ATHENS — Georgia football has entered the offseason transition zone with players and coaches coming and going, and Kirby Smart reassessing his plan of attack.
The current bowl structure is such that the College Football Playoff games offer the only true extension of the season.
Most everyone else is looking to use bowl practices — and to an extent, the bowl games — to get a jump on personnel development and the 2020 season.
In some cases, with more and more players opting to skip finishing out their careers in bowl games, there’s no choice but to move on.
Georgia will have at least one projected first-round NFL pick sit out for the second straight year, and quite possibly two if D’Andre Swift decides his shoulder is still too soft to play.
The idea of seeing some of Georgia’s young talent emerge on the national stage at 8:45 p.m. on Jan. 1 in the Sugar Bowl is compelling for many.
But for some fans, there’s still the disappointment of UGA falling short of its national championship aspirations.
Georgia was officially eliminated from the College Football Playoff race when it lost in the SEC Championship Game on Dec. 7.
But the Bulldogs, in truth, did well just to get to that point.
Especially when one considers the inordinately high amount of attrition at receiver, most notably go-to target Lawrence Cager.
There’s “next man up,” and then there’s the realization that UGA has now gone seven-deep into its pass-catcher depth chart.
Three underclassmen went pro after last season, a fourth was dismissed from the program last spring, and the two most reliable pass catchers of this season are out with season-ending injuries.
Four of the receivers still standing missed time with injuries this season, and another has been suspended at least once.
One very important key for teams making championship runs is the ability to keep key players healthy.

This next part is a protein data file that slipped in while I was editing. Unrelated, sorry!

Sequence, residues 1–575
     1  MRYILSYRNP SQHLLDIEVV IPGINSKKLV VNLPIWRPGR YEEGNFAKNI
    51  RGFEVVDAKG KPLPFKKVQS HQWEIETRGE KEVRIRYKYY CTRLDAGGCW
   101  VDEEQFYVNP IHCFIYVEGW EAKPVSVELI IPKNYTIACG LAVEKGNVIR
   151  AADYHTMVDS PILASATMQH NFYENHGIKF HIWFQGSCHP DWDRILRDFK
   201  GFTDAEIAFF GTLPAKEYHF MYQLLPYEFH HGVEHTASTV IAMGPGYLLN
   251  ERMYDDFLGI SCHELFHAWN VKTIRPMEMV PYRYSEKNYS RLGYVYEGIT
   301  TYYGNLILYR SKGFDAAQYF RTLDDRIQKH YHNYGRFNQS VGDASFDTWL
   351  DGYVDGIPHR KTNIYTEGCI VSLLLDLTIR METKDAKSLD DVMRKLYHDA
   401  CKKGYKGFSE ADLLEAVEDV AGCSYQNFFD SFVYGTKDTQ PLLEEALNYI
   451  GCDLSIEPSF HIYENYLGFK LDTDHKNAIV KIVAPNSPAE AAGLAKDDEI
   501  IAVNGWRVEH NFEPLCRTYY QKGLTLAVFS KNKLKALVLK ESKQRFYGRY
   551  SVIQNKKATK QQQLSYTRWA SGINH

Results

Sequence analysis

It’s something that’s difficult to do when a program is in a four quarter dogfight week after week, as Georgia seemingly was in the rough and tumble SEC this season.
Thus, some of next season’s continuity starts now for Smart and his program.
Here are three questions Georgia will face during bowl practices:
1. How much does the offense change?
It all depends, how much will D’Andre Swift be able to play, and to what extent is he cleared for contact on his shoulder? If Swift isn’t 100 percent or has any fear of injury, he should just sit out.
Georgia adjusted its game plan against LSU with a more pass-aggressive plan of attack with Swift limited.
But each game has its own game plan based on opponent and personnel matchups, as much as Georgia’s offensive identity.
Smart likely has been mum on the running backs who will miss this game because that will give Baylor a read on how to defend the Bulldogs.
Georgia is a much easier team to defend without Swift, and things get even tougher on Fromm and the pass game.
2. Who is protecting Fromm?
New offensive line coach Matt Luke is on the spot to try to save the day and protect the Bulldogs’ franchise quarterback, now that tackles Andrew Thomas and Isaiah Wilson moved on to their NFL preparations.
Cade Mays would seem to be a good guess to play left tackle in place of Thomas, while the right guard and right tackle positions are up for grabs with Jamaree Salyer somewhere in the mix.
The big question for the offensive line moving forward: Will Solomon Kindley be back next season?
Kindley was a preseason Outland Trophy candidate and was playing well before an ankle sprain derailed his season. Kindley gained weight and wasn’t the same player the second half of 2019.
3. Who will emerge?
Smart told media that a kid named Azeez Ojulari was looking pretty good in bowl practices around this time last year. One year later, Ojulari was named one of seven semifinalists for Freshman of the Year.
Who could it be this season? Will Kenny McIntosh get some meaningful running back reps against a quality opponent?
Maybe John Fitzpatrick will get a second career catch at tight end, one for each year on campus? Same for receiver Tommy Bush, who has one catch for 1 yard.
Georgia is down three starting offensive linemen — could that mean significant playing time for linemen Clay Webb, Xavier Truss, Warren Ericson, Owen Condon or Warren McClendon?
The defense, it seems, has played several players at all positions already this season. Could there be another hidden gem?
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